Frankos proving himself on the field

BY JACOB SHEYKO | APRIL 25, 2014 5:00 AM

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If not for Jimmy Frankos, Iowa baseball’s April 5 matchup with Indiana could have been the beginning of the Hawkeyes’ downfall.

On a groundball to the Indiana’s third baseman, then-starting catcher Trevor Kenyon tried to reach third safely. However, when he slid, he felt a pain in his left knee.

That pain was slight tear in his left PCL, forcing Kenyon to miss a significant amount of time. But what Iowa has received in return from Frankos has been more than enough for the Hawkeyes to stay afloat.

“It’s been awesome; he’s stepped up and played extremely well,” head coach Rick Heller said. “He’s taken the opportunity he has and made the most of it.”

When Kenyon went down, Heller’s options were limited.

He could go with sophomore Blake Hickman, a heralded catching prospect coming out of high school, but one who was slowly making a transition to the mound. He could go with the transfer from East Los Angeles Community College, Joe Tellez, who had yet to make a start in a Hawkeyes’ uniform.

Or, as he did, he could start Frankos, who last season played in 10 games, making just one start.

Almost 20 days later, it seems as if Heller’s made the right choice.

With 17 games, and 10 starts under his belt, Frankos is hitting .366 at the plate with a .447 on-base percentage, and he’s knocked in 4 runs while hitting in the back end of Iowa’s lineup.

“The hitting is what’s surprised me the most,” Kenyon said. “The only reason I say that is because he hasn’t seen a lot of balls.”

While Frankos hitting has been a surprise to some, his fielding has not. With just 1 error in his time behind the plate, he’s also allowed just two passed balls while making the adjustment to the starting lineup.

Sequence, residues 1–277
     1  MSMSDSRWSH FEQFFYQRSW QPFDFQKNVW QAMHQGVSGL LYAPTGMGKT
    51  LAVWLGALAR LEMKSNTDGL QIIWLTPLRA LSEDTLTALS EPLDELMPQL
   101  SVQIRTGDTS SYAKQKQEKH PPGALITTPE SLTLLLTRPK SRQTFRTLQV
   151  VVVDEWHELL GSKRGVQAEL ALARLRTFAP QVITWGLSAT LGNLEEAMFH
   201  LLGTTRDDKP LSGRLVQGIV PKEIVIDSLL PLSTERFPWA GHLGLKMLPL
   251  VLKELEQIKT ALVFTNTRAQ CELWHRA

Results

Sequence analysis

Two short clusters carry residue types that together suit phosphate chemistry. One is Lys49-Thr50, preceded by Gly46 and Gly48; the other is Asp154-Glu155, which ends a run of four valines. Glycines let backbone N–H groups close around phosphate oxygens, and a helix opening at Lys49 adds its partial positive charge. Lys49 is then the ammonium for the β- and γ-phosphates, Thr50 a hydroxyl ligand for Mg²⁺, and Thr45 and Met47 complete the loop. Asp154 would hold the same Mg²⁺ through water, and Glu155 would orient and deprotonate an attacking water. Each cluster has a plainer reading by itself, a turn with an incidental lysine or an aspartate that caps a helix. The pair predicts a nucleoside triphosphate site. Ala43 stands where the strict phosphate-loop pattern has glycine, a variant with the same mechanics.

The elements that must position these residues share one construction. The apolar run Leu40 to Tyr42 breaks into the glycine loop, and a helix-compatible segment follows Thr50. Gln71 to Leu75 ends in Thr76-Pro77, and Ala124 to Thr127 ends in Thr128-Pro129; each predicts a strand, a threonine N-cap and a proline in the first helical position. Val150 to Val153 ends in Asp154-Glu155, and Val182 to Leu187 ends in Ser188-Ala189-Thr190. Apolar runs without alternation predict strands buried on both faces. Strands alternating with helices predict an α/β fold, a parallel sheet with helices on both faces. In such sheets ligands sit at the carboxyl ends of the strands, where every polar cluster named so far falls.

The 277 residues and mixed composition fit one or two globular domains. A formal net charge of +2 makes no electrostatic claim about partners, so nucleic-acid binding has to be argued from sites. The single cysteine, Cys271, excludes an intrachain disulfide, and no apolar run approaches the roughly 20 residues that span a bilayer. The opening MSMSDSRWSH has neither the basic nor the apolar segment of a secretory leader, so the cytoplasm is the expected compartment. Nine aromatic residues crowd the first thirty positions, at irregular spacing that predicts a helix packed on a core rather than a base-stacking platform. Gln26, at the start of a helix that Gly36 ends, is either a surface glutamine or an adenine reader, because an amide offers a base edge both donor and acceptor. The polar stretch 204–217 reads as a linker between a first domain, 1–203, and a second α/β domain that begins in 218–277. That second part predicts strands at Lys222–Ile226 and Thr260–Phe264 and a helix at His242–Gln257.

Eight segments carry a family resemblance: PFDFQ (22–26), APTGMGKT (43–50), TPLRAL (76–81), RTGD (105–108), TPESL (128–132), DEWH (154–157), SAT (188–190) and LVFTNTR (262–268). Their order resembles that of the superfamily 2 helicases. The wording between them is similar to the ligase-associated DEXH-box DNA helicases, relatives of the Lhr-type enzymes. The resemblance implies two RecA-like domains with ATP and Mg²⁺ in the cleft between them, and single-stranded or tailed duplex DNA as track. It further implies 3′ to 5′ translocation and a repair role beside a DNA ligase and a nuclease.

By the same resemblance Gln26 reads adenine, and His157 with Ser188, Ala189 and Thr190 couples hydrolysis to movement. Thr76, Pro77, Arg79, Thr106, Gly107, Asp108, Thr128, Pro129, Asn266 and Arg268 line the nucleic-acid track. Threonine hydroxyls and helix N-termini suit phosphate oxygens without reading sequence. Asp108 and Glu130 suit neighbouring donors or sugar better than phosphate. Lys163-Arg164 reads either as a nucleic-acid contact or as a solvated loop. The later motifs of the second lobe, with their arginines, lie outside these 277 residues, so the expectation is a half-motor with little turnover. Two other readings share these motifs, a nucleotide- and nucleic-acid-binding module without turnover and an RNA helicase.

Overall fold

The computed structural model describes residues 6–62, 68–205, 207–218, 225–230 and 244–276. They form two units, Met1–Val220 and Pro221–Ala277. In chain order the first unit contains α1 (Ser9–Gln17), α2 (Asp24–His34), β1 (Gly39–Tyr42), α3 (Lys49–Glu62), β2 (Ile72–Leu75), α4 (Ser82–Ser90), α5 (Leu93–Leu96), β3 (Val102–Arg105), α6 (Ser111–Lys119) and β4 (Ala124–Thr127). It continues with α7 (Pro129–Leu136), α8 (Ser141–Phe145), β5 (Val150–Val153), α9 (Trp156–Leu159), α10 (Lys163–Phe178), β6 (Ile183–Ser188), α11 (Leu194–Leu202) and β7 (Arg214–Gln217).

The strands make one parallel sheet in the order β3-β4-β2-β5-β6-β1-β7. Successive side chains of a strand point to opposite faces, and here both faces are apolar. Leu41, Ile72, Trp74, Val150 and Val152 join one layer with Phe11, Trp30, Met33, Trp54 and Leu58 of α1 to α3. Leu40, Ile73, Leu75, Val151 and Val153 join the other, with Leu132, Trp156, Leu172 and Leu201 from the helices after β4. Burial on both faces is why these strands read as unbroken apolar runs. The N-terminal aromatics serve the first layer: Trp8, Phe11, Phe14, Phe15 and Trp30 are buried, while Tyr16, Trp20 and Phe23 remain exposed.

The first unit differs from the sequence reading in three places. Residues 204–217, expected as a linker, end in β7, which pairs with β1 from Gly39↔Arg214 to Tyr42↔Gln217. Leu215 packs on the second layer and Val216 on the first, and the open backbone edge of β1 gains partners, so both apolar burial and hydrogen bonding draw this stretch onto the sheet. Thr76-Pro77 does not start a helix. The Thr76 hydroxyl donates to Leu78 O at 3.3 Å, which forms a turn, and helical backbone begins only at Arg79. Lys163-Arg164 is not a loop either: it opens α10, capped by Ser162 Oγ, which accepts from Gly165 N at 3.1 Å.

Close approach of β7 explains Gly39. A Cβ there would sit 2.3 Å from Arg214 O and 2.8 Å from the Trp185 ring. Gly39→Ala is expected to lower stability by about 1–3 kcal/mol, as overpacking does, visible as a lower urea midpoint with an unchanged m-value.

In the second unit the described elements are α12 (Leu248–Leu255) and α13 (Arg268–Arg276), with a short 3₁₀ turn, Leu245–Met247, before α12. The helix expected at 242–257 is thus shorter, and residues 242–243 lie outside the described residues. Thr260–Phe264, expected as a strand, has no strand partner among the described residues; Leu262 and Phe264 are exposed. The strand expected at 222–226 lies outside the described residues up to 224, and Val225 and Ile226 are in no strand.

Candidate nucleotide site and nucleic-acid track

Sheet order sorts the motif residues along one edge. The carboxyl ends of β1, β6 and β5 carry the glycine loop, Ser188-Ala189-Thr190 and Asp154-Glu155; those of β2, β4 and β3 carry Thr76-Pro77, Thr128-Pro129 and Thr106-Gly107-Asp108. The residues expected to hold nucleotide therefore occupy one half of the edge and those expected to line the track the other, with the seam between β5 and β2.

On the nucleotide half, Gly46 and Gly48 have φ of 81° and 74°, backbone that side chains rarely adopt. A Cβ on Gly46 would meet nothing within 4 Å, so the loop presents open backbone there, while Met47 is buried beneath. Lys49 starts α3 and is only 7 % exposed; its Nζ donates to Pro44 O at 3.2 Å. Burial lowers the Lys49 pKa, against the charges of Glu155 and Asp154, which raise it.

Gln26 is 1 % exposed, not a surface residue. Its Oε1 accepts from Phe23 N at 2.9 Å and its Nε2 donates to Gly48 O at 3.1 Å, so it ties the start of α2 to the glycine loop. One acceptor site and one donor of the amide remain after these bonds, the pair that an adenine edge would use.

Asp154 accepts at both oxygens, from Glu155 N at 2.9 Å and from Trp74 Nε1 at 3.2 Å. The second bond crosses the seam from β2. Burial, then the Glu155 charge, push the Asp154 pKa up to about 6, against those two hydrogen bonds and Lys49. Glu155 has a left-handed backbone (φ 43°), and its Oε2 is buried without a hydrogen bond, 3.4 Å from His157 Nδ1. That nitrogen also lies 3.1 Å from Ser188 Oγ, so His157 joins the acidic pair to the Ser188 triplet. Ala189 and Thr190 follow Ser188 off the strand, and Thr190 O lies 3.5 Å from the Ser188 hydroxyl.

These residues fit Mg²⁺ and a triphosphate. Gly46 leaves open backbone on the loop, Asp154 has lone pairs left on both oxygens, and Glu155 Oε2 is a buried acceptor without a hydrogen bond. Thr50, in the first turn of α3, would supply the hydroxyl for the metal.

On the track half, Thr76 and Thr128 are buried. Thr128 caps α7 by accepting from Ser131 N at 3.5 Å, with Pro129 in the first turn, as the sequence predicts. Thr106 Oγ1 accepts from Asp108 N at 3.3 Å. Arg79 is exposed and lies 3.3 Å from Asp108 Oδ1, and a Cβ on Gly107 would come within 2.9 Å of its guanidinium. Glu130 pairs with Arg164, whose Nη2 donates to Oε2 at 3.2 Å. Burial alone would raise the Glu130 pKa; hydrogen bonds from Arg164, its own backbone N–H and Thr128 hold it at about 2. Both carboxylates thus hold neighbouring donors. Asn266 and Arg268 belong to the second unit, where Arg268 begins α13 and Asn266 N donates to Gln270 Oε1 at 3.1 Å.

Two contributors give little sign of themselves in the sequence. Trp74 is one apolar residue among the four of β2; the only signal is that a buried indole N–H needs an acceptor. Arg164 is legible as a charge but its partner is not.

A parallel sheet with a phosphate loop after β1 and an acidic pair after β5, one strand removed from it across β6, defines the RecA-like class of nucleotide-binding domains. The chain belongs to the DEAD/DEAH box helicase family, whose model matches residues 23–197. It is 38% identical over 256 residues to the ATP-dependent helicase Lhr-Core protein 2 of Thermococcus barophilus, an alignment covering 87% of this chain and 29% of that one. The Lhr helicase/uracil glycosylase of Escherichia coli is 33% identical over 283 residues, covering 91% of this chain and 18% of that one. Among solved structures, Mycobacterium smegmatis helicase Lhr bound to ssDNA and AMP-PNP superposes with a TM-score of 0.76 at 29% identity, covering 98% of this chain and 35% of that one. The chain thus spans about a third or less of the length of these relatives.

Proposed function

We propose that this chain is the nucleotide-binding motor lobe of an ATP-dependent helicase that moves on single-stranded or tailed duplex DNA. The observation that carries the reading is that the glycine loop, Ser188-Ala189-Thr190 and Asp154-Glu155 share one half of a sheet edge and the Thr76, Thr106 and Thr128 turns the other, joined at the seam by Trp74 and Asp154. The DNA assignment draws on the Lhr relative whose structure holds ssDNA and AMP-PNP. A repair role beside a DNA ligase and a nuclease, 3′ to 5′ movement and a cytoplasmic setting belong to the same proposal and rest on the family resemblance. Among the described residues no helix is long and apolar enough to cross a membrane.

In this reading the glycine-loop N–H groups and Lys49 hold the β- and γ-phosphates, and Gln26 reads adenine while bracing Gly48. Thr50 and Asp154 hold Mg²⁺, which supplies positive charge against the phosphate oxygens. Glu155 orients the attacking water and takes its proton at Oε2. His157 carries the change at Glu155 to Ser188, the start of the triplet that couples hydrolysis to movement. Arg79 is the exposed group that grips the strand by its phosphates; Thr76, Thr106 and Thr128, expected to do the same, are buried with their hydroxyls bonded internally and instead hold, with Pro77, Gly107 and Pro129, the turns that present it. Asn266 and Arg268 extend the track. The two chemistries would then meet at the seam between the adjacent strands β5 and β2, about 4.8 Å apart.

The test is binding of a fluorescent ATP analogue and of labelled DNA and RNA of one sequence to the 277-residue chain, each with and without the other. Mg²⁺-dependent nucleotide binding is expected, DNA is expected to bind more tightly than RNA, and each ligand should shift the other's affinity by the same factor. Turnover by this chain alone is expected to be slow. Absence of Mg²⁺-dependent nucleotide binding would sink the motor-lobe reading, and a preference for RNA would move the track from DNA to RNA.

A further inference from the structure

“The experience is coming,” Frankos said. “[I’m] feeling comfortable with our whole pitching staff, and game by game, we’re getting better.”

“The biggest thing is to act like you know what you’re doing,” Kenyon said. “As a catcher, that’s all you have to do. Just be smooth and block the crap out of the ball. “

But amid all the numbers, what had impressed Heller the most is Frankos’ demeanor.

“A lot of time when you get a guy who’s thrown into a situation where he hasn’t been starting, he goes out and tries to press and be something he’s not,” Heller said. “Jimmy’s done an awesome job of sticking to the plan and being who he is.”

For that, Frankos credits Kenyon, who Frankos says has helped him through this process, providing advice on how to call a game from behind the plate and how to be a leader.

“As a catcher, you’re part of every pitch, controlling every pitch, every part of the game,” Frankos said. “[Kenyon’s] really taught me that.”

Kenyon gives most of the credit to Frankos.

“He’s kind of been that guy just waiting to get his chance,” Kenyon said. “His work ethic speaks for everything … even when I was in the lineup, he kept working.”

With Kenyon likely returning some time before the conclusion of the season, one that could have Iowa in the Big Ten Tournament, it’s unclear how Heller will handle the situation behind the plate.

What’s not unclear, however, is that Frankos has earned playing time, whether Kenyon’s healthy or not.

“Each game that he gets, he gets a little bit smarter,” Kenyon said. “Behind the plate, you have to be a smart guy, and as he’s learning and getting more chances back there, he’s going to become a great overall catcher.”

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